I was out to dinner with some girlfriends a few weeks ago and I arrived a few minutes late. I slid into the booth and jumped right in to the conversation. Then, upon leaving, my friend Ashley said, “OH I didn’t even notice your hair was braided in the back!” so I joked about it being a surprise braid hairstyle. What I like the most about this is it is the easiest way to style your hair when you either don’t feel like styling it OR it’s too dirty to wear down.
Earlier this summer, I finally FINALLY took a stab at making homemade pasta. And let me tell you, it was so much fun. I love doing new things like that in the kitchen, and since my first attempt I’ve made pasta a few more times. I’m actually hoping to have a “make it yourself” pasta night with some girlfriends in the near future because the whole process was so much fun. The recipe for pasta is very basic.
Vitamin C serum is one of those products that I knew I should be using years ago but I never started. I think it fell into the category of “I’m not sure I’ll actually see a difference using it” so I never bothered. After my facial in August, my esthetician recommended a serum that had vitamin c along with a few other ingredients in it and I really liked it. The smell was slightly off putting, but in general I felt like it hydrated my skin and made it feel a bit tighter and firmer.
Muck Rack makes it simple to find people, tweets, or articles that mention any name, keyword, company, hashtag etc. We've compiled this guide to help you make the most of your search.
Selecting a term
Start searching tweets, articles from media outlets, articles mentioned in tweets, journalists'
names, titles and bios with some suggested searches:
Companies or Topics (e.g. iPhone, Microsoft)
Phrases (e.g. "cloud computing") — use quotes to keep the terms together
Twitter handles (e.g. @username) — returns those who have mentioned or replied to
Names (e.g. "David Pogue")
Hashtags (e.g. #sxsw, #london2012)
Bio details (e.g. vegan, Olympics, father)
Muck Rack's Advanced Search allows for many boolean operators.
Find results that mention multiple specified terms, use AND or
+. For example, ensure each result contains both Elon Musk and Mark Zuckerberg by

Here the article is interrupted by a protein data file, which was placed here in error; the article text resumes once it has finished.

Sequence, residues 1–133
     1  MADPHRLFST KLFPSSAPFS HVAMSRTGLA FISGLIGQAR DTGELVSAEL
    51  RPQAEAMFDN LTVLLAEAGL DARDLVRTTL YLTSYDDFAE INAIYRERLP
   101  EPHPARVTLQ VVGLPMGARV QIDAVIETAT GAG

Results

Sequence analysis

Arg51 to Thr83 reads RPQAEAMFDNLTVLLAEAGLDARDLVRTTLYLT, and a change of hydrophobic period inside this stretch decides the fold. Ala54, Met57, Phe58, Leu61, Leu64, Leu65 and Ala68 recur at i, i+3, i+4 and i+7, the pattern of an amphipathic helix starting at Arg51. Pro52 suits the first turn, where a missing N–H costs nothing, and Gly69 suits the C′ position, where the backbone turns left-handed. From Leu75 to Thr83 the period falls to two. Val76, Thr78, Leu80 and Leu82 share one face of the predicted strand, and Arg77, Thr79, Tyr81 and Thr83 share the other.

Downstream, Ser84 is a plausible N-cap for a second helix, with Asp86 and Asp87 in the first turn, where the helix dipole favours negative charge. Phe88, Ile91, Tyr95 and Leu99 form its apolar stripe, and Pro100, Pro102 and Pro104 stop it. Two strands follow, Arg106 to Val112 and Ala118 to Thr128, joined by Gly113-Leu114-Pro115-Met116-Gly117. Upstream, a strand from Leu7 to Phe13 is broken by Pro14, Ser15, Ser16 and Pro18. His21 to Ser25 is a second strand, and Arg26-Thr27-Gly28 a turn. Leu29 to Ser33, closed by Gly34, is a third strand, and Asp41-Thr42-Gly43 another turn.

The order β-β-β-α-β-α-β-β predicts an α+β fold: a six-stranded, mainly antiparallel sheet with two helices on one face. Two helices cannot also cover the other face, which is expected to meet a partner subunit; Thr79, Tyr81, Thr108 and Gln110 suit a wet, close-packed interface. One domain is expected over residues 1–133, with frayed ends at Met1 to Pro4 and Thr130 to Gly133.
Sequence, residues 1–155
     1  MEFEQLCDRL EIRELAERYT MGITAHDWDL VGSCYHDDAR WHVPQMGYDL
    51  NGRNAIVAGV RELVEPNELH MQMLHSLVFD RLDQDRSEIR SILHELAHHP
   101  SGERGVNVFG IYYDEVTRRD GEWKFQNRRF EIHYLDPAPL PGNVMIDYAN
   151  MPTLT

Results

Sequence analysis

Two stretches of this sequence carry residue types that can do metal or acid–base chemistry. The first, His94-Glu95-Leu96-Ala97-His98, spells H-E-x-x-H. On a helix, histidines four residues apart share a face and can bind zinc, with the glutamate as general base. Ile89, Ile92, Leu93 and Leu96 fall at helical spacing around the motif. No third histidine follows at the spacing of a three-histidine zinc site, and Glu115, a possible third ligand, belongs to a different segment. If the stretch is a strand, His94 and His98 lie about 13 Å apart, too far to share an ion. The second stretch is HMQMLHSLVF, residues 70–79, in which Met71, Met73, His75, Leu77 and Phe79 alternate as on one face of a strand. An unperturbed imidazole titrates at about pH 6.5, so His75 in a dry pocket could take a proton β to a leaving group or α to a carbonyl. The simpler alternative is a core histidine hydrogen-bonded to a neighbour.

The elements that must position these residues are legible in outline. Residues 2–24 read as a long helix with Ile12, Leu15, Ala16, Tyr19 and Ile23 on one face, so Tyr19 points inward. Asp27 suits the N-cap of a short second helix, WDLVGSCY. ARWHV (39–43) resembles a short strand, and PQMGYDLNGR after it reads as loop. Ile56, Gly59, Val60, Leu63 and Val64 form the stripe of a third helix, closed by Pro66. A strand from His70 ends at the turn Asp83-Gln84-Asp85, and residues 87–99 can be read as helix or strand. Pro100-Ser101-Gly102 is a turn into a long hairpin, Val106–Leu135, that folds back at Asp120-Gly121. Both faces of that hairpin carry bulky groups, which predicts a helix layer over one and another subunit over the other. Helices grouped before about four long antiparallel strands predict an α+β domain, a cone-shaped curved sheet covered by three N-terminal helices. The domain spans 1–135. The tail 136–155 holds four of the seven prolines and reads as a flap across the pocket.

searching Obama AND Romney or Obama + Romney.
Use the operators OR or , to broaden your search when you'd like either of
multiple terms to appear in results. (This is the default behavior of our search when no operators
are used.) For example, search for democrat OR republican to find results that refer to
Democrats and/or Republicans.
Use NOT or - to subtract results from your search. For
example, searching Disney will yield results about the Walt Disney Company as well as Walt Disney
World Resort. To exclude mentions of Disney World, search for Disney -World or Disney
When using one of these operators with a phrase, enclose it in quotation marks. For example, you can
find results about smartphones excluding Apple's iPhone 4S by searching smartphone -"iPhone
Exact case matching or punctuation
If you're searching for a brand name or keyword that relies on specific punctuation marks or capitalization, you can
find results that match your exact query by adding matchcase: before the keyword you're searching for, like matchcase:E*TRADE .
Use parentheses to separate multiple
boolean phrases. For example, to find journalists talking about having fun in Disney World or
Disneyland, search for ("disney world" OR disneyland) AND fun.
An asterisk can be used to search for any variation of a root word truncated by the asterisk. For example, searching for admin* will return results for administrator, administration, administer, administered, etc.
A near operator is an AND operator where you can control the distance between the words. You can vary the distance the near operation uses by adding a forward slash and number (between 0-99) such as strawberries NEAR/10 "whipped cream", which means the strawberries must exist within 10 words of "whipped cream".